Higher, even normal-range random blood glucose level's predict CV risk in huge cohort study
OXFORD, UK — In a study of nearly half a million Chinese adultswith no history of diabetes, higher random plasma glucose (RPG)levels, even within the normal range, were associated with higherrisks for all major cardiovascular diseases (CVDs).
After a mean follow-up of 7 years, UK investigators found positive,log-linear associations between usual or longer-term RPG levelsand the risk for CV death and major ischemic CVD that continuedthrough at least a usual RPG level of 5.9 mmol/L (106 mg/dL) andno evidence of a threshold.
The association was observed for ischemic stroke and major occlusive vascular disease in the normal rangeof glucose levels as low as 4.3 mmol/L (77 mg/dL). Increased risk for CV death, major coronary events, andintracerebral hemorrhage was seen at levels as low as 5.8 mmol/L (104 mg/dL), compared with the referencegroup (<4.3 mmol/L).Each 1-mmol/L (18-mg/dL)–higher usual RPG level above 5.9 mmol/L was associated with an approximately10% higher CVD risk after adjustment.
The findings "support consideration of blood glucose levels as a continuous variable (rather than simply thepresence or absence of diabetes) in cardiovascular risk-prediction models and suggest the need to considerCVD primary prevention at glucose levels below the diabetes threshold," Dr Fiona Bragg (University ofOxford, England) and colleagues write in their study, published online July 20, 2016 in JAMA Cardiology.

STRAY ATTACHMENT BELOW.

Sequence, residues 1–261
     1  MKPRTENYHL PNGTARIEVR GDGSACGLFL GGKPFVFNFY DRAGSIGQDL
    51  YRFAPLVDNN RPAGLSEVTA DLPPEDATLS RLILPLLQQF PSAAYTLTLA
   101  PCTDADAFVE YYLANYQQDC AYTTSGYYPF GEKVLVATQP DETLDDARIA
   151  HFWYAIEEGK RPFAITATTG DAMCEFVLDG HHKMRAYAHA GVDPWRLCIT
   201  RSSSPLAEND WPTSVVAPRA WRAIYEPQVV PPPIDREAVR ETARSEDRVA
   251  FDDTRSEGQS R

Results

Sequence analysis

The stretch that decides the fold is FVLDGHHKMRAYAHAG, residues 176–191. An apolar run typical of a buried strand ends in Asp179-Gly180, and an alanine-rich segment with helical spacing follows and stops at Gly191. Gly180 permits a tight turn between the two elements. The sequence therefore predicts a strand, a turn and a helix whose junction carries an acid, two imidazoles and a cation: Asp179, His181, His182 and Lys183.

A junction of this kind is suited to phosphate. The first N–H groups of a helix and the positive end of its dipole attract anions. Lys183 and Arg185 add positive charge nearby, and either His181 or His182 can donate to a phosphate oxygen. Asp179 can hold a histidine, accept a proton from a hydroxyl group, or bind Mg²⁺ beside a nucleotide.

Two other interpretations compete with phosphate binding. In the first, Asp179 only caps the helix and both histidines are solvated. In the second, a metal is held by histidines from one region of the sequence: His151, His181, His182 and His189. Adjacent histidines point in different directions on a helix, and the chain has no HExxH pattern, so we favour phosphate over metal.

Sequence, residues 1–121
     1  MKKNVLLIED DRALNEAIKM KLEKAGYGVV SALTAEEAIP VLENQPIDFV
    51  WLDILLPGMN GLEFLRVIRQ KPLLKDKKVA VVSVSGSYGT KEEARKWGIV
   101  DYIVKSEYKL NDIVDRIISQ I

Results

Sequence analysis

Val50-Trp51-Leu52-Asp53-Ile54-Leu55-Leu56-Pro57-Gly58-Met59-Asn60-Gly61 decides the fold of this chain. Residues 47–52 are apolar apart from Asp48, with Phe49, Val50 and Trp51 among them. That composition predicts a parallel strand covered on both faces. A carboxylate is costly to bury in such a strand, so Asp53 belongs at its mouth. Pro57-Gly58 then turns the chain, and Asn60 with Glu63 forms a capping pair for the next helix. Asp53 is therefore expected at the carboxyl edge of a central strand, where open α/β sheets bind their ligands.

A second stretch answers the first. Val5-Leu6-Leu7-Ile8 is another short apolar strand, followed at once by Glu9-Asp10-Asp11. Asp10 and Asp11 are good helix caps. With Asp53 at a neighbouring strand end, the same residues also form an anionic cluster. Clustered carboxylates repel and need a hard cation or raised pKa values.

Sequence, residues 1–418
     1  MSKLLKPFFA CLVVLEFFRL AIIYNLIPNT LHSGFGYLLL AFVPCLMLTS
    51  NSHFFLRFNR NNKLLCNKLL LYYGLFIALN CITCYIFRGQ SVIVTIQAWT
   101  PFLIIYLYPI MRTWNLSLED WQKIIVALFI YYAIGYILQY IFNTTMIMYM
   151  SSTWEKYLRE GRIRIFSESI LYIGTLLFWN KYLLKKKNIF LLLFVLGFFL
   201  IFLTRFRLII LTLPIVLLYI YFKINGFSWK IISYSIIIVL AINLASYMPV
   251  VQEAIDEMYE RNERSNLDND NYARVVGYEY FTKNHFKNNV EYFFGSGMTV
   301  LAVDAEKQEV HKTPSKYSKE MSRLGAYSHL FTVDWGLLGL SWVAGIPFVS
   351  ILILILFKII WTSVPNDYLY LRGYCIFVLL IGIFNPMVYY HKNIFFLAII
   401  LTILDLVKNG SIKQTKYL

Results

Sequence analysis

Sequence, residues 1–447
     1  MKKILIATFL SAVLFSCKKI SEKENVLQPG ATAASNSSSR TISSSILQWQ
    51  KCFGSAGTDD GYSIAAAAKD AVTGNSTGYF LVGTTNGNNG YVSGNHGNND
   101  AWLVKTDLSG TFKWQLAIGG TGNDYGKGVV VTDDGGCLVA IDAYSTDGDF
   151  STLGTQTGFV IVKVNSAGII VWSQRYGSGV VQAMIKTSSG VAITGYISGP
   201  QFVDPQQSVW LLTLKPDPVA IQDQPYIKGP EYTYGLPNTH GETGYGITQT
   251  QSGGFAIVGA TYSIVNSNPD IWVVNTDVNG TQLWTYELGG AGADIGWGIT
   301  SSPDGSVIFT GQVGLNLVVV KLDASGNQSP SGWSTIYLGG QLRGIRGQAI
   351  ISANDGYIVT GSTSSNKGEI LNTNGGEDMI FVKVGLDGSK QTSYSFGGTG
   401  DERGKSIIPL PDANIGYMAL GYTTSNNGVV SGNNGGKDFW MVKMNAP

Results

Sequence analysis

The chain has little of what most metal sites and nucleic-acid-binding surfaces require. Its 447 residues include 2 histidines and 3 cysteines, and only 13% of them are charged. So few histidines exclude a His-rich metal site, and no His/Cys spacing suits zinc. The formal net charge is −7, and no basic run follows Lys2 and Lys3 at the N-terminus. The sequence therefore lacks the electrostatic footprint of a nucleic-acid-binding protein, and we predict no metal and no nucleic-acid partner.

The study provides the first convincing evidence of a positive association of RPG levels with CVD, they say.Prospective studies, mainly in Western populations using fasting blood glucose levels, have shown arelatively consistent greater CVD risk in the prediabetes range, but evidence below this range is conflicting.
Bragg notes that fasting or postload blood glucose levels may be more robust than RPG levels, which canhave larger interindividual and intraindividual variation, but that "nonfasting glucose levels may be morerelevant to CVD risks because people spend most time in a nonfasting state."
This speculation is "plausible and worth further investigation," Dr Lijing Yan (Duke Kunshan University,China), Heng Jiang (Wuhan University, China), and Dr Carolyn SP Lam (National Heart Centre and DukeNational University of Singapore) write in an accompanying editorial.
The relationship between RPG levels and CV outcomes "appeared to be significant, continuous, and linear,"but they note that "risks remained modest (5%–30%) until glucose levels reached 11.1 mmol/L (200 mg/dL),which is high enough to diagnose diabetes if 2-hour postload glucose levels were used."
Further, adding glucose to the multivariable models only minimally improved the predictive power,"suggesting that no value would be added for including this variable in risk-prediction models."
Bragg and her team previously reported a positive association of RPG levels with prevalent CVD in peopleaged 30 to 79 years recruited from 2004 to 2008 in the China Kadoorie Biobank (CKB), but the findings werelimited by the use of cross-sectional data and self-reported disease outcomes.